Study: Nonprofits Not Satisfied With Recruitment Via Social Media
January 5, 2015
According to the 2013 Nonprofit Employment Trends Survey, while social networking sites are continuing to grow in popularity as recruitment tools in the nonprofit sector, there is still room for improvement in terms of how effective social recruiting can be.
Social Recruiting Sites Gaining Popularity
Survey data show that formal and informal networking currently remains the most popular and effective recruiting method of nonprofits. However, the use of social networking sites—in particular LinkedIn and Facebook—is growing rapidly. Compared to last year’s Nonprofit Employment Trends Survey, respondents reported a 25% increase in usage of LinkedIn and a 30% increase in usage of Facebook.
Various online, print, and in-person recruitment efforts are used by nonprofits, but some are reported to be more popular and effective than others. Respondents were asked to rate how much they used specific recruitment advertising sources. The most frequently used outlets were:
- Informal networks and formal networks (85% and 84%, respectively);
- Local newspapers, both online (55%) and print (46%) editions;
- Craigslist (51%); and LinkedIn (50%).
LinkedIn continues to be the most commonly used social media outlet for nonprofit recruitment advertising, followed by Facebook and Twitter.
Where's the Impact?
Despite the growth in popularity, the impact from using social networking sites as recruiting tools did not grow, nor did nonprofits’ overall satisfaction with social networking sites.
Only 9% of nonprofits responded that using social networking sites had a positive impact on the number of candidates applying. In addition, about one-third of organizations indicated using social networking sites lowered the costs associated with recruitment advertising (38%) and the use of other online job boards (31%) and one-fifth indicated it had a positive impact on the quality of candidates applying (22%).
It is also important to note that a strong majority of nonprofits surveyed indicated that they experienced no impact from using social networking sites in recruitment strategies.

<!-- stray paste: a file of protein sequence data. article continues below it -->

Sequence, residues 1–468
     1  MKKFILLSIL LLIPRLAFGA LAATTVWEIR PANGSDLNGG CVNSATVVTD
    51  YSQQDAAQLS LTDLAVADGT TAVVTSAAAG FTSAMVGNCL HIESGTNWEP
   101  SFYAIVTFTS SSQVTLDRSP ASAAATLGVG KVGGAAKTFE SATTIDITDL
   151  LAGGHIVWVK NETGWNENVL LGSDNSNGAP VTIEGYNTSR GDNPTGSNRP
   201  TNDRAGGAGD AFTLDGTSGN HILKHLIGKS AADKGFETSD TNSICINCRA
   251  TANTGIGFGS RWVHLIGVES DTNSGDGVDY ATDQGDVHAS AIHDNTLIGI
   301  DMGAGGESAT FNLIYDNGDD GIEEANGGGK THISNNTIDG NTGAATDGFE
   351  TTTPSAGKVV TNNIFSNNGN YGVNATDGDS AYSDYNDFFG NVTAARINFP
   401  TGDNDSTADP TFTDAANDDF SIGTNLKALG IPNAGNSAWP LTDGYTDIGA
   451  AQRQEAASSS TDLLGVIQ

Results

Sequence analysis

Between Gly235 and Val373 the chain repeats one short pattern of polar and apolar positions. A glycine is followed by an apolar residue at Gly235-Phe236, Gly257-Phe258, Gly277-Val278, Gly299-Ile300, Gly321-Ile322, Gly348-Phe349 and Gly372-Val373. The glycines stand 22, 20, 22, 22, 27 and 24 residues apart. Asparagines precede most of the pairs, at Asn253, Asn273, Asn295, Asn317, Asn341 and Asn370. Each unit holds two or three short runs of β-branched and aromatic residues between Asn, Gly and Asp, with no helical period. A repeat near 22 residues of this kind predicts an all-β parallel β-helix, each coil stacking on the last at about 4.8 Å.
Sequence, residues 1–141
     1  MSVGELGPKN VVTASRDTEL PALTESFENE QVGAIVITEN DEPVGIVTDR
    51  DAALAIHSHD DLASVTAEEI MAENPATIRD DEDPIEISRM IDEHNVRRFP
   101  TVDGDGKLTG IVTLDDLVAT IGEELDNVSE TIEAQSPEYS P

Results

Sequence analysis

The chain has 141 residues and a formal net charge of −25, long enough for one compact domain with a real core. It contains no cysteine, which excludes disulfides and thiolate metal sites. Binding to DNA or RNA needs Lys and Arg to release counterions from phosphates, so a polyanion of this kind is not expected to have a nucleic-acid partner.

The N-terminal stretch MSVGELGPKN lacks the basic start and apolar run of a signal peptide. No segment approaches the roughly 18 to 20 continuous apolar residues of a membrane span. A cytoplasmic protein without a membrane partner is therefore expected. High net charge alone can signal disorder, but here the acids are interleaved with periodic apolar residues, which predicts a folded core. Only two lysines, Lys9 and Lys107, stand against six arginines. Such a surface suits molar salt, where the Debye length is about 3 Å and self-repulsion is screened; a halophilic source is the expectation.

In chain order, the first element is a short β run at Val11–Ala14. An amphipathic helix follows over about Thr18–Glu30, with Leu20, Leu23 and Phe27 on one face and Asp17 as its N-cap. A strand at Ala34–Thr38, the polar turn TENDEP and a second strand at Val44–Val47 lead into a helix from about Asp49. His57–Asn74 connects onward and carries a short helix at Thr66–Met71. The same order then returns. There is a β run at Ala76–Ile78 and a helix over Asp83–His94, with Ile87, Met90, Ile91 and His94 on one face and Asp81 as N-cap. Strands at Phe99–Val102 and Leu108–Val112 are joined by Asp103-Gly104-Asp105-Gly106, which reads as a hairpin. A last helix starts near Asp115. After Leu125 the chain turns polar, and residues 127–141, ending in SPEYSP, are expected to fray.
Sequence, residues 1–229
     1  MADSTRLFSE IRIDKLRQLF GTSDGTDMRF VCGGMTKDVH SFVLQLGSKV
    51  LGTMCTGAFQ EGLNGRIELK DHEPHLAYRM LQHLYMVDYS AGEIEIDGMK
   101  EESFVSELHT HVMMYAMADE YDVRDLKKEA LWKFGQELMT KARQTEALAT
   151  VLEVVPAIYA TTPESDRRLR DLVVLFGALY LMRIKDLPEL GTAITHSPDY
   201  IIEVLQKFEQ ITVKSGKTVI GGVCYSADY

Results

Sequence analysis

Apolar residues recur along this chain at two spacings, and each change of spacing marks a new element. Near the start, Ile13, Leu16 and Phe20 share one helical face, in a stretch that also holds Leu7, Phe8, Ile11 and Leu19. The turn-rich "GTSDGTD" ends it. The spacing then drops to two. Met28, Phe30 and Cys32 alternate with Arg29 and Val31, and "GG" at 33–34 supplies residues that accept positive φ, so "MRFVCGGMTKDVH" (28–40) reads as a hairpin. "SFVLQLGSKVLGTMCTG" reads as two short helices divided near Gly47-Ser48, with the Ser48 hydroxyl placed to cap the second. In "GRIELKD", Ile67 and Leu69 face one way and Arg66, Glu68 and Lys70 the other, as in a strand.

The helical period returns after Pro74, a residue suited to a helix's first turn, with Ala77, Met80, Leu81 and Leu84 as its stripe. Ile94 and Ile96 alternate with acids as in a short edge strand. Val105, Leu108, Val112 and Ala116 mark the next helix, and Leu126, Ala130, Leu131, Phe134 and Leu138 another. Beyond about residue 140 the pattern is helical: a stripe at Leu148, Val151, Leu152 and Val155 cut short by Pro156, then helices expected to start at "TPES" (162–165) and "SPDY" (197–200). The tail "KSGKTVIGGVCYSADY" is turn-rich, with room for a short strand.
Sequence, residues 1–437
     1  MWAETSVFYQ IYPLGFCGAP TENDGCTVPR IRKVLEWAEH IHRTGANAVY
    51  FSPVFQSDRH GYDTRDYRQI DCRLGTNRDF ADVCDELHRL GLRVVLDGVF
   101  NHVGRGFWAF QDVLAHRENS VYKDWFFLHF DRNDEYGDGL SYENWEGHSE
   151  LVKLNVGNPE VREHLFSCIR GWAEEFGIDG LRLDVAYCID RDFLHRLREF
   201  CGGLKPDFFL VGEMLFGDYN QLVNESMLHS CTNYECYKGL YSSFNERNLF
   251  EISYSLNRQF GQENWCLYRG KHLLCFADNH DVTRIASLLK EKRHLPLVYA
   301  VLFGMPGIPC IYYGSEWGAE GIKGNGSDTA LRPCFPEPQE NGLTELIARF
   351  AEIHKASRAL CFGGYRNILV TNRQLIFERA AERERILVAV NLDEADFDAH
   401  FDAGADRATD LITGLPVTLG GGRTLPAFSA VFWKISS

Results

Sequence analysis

Respondents were also asked what tools they use to search for or source passive candidates. According to the survey report, 61% of nonprofits indicated that they use LinkedIn to search for or source passive candidates. This is considerably higher than those that indicated they use other tools including Industry Databases (33%), Facebook (32%), CareerBuilder.com (20%), Monster.com (15%), and Twitter (8%).
Looking Forward: Making Social Recruiting Work for Nonprofits
It’s worth noting that since only one-fifth of surveyed nonprofit organizations reported having a formal recruitment budget, websites and social networking sites may be a sensible low-cost option for advertising open positions. Due to the growing popularity and ease of access to these websites, this may be an area where nonprofits could grow their recruitment outreach in order to attract a more diverse candidate pool.
Also, out of all respondents who reported using LinkedIn for social recruiting, a majority (54%) of respondents indicated that they possess only basic knowledge of how to use LinkedIn for talent acquisition, while 77% indicated that their proactive use (searching and sourcing) of LinkedIn comprised less than 25% of their total LinkedIn use. This finding shows that many nonprofit staff may require additional training on how to more effectively use social media to maximize its potential utility for talent recruitment.
Moreover, despite the growing use of social media in recruiting, 92% of nonprofits reported that they did not have a social media recruitment plan to guide them.
Interested parties may also join me and Cornestone OnDemand for the webinar "2013 HR Trends for the Nonprofit Sector" on Wednesday, April 17, 2013 for more information about this subject and other nonprofit employment trends.